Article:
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Pakistan Aeronautical Complex Delivers New JF-17B Batch

On 30 December 2020, Pakistan Aeronautical Complex (PAC) rolled out 14 JF-17B twin-seat fighters for the Pakistan Air Force (PAF). These aircraft will join the eight JF-17Bs PAC rolled out in December 2019 – they are part of a wider PAF order of 26 aircraft. It seems that the JF-17B program is on-schedule as the PAF had intended to acquire 22 aircraft by the end of 2020. The remaining four are due in 2021.

The PAF ordered the JF-17B as an add-on to its original plan of 150 JF-17s. The PAF will primarily use the JF-17B as an operational conversion unit (OCU) asset to support pilot transition to the JF-17, which is now the PAF’s mainstay combat aircraft. The F-7P’s OCU squadron – i.e., No. 18 Sharp Shooters – will switch to the JF-17B and operate as the JF-17’s OCU unit from Minhas Air Base in Kamra.[1]

Like its other multirole OCU assets, the JF-17B will also be combat capable. However, it is unclear if JF-17B units will offer additional capabilities above the standard features of the Block-II.

The PAF also announced that PAC will also start the production of JF-17 Block-3s. The PAF reportedly did confirm that the COVID-19 pandemic “inflicted serious impacts” on PAC, but it still seems that the Block-3 project is running on schedule.[2] PAC is aiming to roll out 12 JF-17 Block-3s a year from 2021 to 2024.[3]

The JF-17 Block-3 first flew at the end of 2019. The PAF is positioning the Block-3 as its primary counter to the Indian Air Force’s (IAF) induction of Dassault Rafale fighters. In addition to equipping the Block-3 with an active electronically scanned array (AESA) radar, the PAF is also adding “air dominance” and “enhanced EW [electronic warfare] suite and BVR [beyond-visual-range) capability” to its messaging.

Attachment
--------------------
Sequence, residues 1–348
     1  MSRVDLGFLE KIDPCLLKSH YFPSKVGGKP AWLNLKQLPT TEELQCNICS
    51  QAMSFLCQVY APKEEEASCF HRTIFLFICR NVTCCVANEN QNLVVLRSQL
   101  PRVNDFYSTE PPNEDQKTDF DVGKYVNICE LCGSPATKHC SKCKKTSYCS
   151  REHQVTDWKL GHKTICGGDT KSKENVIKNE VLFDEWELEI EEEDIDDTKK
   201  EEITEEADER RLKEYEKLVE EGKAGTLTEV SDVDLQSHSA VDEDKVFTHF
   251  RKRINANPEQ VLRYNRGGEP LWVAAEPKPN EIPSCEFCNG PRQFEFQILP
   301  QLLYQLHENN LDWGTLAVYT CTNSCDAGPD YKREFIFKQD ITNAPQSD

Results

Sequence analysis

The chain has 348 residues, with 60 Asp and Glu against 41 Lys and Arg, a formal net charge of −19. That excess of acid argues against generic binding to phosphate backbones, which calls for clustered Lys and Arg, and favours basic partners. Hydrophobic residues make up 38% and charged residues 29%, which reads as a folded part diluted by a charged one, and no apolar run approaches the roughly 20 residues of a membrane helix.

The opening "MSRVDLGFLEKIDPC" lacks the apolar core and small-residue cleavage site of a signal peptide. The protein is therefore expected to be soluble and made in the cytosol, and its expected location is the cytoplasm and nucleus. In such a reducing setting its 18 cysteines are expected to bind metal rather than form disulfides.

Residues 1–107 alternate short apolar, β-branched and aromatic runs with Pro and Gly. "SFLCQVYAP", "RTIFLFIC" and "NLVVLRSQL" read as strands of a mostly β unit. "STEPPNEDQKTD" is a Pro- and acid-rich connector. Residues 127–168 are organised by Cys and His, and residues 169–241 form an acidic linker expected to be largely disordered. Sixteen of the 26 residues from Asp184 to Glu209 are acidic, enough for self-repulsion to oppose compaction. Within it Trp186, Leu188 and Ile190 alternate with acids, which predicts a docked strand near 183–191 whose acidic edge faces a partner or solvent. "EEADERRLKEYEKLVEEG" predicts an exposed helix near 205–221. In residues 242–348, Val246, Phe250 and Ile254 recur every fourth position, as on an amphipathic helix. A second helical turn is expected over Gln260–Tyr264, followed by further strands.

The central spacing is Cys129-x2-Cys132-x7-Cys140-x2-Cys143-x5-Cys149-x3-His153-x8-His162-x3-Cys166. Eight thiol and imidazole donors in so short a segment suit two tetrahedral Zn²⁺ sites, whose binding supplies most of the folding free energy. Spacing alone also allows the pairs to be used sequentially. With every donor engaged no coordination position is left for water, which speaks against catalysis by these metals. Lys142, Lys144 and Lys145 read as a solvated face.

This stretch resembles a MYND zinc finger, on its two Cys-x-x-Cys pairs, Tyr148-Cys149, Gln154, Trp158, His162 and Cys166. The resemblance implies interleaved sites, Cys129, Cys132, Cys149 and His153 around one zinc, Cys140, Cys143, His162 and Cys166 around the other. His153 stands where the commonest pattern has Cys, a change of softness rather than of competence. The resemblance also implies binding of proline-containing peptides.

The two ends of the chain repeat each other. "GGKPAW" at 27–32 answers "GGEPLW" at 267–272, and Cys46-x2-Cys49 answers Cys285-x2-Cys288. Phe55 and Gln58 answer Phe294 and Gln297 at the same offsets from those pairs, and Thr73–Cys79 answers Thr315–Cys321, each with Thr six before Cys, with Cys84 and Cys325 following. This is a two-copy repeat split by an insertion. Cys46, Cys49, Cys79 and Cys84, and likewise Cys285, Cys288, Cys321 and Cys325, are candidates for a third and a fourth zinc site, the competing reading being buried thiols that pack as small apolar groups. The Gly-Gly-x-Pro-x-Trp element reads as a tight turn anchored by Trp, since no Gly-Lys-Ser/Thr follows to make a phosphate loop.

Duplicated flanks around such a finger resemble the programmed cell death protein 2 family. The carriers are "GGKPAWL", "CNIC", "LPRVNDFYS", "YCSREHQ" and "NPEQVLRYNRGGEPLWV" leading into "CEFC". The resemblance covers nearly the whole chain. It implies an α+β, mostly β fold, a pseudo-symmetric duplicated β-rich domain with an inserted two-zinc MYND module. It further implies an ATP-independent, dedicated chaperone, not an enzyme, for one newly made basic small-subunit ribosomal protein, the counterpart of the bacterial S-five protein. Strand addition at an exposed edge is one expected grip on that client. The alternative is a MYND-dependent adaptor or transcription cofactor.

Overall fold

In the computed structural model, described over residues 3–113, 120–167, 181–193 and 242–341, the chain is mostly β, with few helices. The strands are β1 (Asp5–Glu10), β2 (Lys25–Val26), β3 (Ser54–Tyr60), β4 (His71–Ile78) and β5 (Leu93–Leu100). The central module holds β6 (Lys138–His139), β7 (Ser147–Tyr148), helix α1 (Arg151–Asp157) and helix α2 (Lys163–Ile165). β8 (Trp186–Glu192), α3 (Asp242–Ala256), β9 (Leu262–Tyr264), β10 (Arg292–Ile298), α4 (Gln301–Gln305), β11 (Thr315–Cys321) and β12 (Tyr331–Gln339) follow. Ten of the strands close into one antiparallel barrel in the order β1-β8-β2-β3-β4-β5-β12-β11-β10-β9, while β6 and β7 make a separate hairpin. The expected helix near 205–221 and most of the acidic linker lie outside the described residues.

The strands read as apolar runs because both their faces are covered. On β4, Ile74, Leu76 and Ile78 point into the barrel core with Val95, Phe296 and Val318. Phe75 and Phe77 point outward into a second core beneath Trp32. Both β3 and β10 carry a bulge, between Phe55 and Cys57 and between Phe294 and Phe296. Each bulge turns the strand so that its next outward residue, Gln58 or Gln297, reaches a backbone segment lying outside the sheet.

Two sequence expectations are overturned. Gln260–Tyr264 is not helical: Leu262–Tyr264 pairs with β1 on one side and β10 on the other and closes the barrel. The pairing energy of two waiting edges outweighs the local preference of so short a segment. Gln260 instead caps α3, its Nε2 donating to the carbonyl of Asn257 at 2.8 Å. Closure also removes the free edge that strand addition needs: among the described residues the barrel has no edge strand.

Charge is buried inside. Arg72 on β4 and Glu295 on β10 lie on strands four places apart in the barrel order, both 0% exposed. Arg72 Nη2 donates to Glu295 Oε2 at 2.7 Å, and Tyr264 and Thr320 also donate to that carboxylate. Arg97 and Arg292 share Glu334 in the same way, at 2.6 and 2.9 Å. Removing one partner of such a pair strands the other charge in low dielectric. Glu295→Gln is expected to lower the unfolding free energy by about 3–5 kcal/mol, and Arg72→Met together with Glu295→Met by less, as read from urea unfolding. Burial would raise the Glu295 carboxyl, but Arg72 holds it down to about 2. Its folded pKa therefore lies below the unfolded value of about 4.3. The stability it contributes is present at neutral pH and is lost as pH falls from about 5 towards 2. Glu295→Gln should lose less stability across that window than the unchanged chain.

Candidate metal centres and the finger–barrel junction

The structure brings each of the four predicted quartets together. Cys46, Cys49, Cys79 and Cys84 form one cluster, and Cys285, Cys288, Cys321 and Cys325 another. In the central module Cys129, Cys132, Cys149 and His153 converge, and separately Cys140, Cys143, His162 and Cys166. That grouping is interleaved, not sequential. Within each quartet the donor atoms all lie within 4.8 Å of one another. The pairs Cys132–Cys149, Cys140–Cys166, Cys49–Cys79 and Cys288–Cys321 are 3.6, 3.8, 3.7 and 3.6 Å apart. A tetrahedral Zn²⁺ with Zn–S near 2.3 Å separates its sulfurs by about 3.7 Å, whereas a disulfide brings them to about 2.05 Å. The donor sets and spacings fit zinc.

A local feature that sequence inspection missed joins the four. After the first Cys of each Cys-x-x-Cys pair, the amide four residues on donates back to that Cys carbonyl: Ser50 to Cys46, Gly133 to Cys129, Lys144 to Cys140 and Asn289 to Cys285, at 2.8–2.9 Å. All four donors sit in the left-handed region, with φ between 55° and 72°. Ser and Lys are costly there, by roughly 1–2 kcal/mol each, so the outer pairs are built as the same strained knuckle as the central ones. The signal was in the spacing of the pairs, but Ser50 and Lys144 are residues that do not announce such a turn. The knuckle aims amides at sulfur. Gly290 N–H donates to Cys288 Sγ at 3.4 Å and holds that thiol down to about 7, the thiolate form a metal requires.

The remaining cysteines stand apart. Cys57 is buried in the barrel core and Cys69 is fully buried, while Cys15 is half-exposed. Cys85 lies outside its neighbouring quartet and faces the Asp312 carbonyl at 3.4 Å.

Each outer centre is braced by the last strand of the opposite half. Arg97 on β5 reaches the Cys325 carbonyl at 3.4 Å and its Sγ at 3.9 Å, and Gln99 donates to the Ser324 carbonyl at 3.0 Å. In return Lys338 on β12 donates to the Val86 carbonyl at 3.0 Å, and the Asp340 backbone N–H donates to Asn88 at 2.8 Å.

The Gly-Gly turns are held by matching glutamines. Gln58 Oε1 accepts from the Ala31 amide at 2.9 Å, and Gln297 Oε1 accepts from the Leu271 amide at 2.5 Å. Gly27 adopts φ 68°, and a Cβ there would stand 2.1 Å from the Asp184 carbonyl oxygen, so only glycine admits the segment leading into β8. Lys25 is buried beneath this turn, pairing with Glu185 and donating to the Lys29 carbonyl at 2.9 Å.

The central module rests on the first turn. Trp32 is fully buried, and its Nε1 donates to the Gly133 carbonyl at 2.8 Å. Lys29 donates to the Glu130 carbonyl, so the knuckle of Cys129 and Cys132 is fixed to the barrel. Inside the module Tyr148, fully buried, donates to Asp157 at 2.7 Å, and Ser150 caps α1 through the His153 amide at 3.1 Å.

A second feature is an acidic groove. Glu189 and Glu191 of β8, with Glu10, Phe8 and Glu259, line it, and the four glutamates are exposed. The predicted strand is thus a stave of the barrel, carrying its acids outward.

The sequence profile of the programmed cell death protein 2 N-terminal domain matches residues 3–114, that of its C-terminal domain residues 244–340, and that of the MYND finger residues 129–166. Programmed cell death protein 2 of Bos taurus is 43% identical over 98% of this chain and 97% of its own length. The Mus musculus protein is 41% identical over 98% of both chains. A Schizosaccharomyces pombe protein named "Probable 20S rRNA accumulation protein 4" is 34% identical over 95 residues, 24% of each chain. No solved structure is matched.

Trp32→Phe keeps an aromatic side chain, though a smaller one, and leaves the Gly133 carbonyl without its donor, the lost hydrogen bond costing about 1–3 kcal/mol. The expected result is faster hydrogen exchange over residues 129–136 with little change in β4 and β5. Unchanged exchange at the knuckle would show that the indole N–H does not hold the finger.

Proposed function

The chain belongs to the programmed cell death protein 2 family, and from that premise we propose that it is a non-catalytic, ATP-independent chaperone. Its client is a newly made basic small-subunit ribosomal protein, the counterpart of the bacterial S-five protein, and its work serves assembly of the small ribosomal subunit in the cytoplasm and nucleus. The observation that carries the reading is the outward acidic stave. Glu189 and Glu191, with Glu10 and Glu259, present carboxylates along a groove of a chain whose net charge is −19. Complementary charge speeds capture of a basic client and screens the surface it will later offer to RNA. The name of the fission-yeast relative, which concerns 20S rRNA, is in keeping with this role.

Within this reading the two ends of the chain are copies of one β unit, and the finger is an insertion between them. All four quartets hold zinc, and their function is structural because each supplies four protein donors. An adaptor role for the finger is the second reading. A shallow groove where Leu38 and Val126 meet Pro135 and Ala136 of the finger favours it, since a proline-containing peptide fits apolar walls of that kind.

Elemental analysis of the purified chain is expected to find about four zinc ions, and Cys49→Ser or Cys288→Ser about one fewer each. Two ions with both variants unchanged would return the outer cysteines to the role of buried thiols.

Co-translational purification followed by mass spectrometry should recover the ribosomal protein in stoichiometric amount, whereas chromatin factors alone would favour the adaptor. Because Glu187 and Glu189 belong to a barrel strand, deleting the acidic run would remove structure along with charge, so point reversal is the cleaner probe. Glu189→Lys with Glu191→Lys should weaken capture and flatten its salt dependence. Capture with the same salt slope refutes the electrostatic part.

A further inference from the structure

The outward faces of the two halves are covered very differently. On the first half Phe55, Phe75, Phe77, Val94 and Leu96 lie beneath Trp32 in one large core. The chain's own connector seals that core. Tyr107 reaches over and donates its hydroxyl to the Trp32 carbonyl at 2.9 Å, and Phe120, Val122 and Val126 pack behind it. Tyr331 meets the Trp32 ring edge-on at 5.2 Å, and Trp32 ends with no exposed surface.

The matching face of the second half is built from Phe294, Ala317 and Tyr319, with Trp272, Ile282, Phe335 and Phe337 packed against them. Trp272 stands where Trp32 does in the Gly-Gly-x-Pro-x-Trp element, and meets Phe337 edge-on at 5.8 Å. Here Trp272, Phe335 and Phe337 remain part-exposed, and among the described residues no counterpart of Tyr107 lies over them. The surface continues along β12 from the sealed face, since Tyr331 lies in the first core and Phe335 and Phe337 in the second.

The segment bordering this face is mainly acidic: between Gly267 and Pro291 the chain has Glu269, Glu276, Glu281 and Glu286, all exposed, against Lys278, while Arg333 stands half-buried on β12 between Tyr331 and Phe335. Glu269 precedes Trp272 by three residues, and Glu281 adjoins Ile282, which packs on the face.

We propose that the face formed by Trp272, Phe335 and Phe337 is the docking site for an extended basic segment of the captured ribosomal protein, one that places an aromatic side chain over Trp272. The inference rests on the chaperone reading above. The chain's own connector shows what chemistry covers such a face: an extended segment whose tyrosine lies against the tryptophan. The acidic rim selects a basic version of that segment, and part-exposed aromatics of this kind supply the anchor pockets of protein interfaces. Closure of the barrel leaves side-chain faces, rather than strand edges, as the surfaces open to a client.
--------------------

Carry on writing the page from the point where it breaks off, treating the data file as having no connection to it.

Glimpses of Project AZM’s Unmanned Aerial Vehicle (UAV)

The PAF also showed brief glimpses of its in-house unmanned aerial vehicle (UAV). PAC has been working on a medium-altitude long-endurance (MALE) UAV since 2017. Observers have noted that the PAC UAV’s vertical stabilizers do not bear identical similarities with the Wing Loong II, CH-4 or CH-5.[4] This follows the UAV’s early design concepts which – while broadly similar to other UAVs – showed an original design.

First Export Deliveries

The background of the first photo shows the three JF-17s earmarked for Nigeria. Nigeria ordered three JF-17 Block-IIs in 2016 under a $184 million US contract. The JF-17 would make Nigeria the second country in Sub-Saharan Africa to operate a modern fourth-generation fighter with long-range air-to-air, anti-ship, and precision-strike capabilities (following South Africa). These three aircraft are likely an initial order, and Nigeria will order more once it has organizes the funds (or secures a loan from China).

In the photo below, one can see the tail of Turkey’s first Super Mushshak basic trainers. Turkey ordered 52 aircraft in 2016. These were scheduled for delivery in June 2020, but due to the pandemic, the program got delayed. However, it appears that Turkey will receive its first aircraft in the coming months.

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For more insights on Pakistan’s defence modernization efforts, check out:

[1] “Pakistan JF-17 Thunder unit shuffles.” Scramble. 11 November 2020. URL:

[2] “PAF launches serial production of latest JF-17 Thunder Block III.” The News International. 31 December 2020. URL:

[3] Alan Warnes. “JF-17 Thunder – Lightning Strikes Twice.” AIN Online. 15 June 2019. URL:

[4] Andreas Rupprecht. Twitter. 01 January 2021. URL: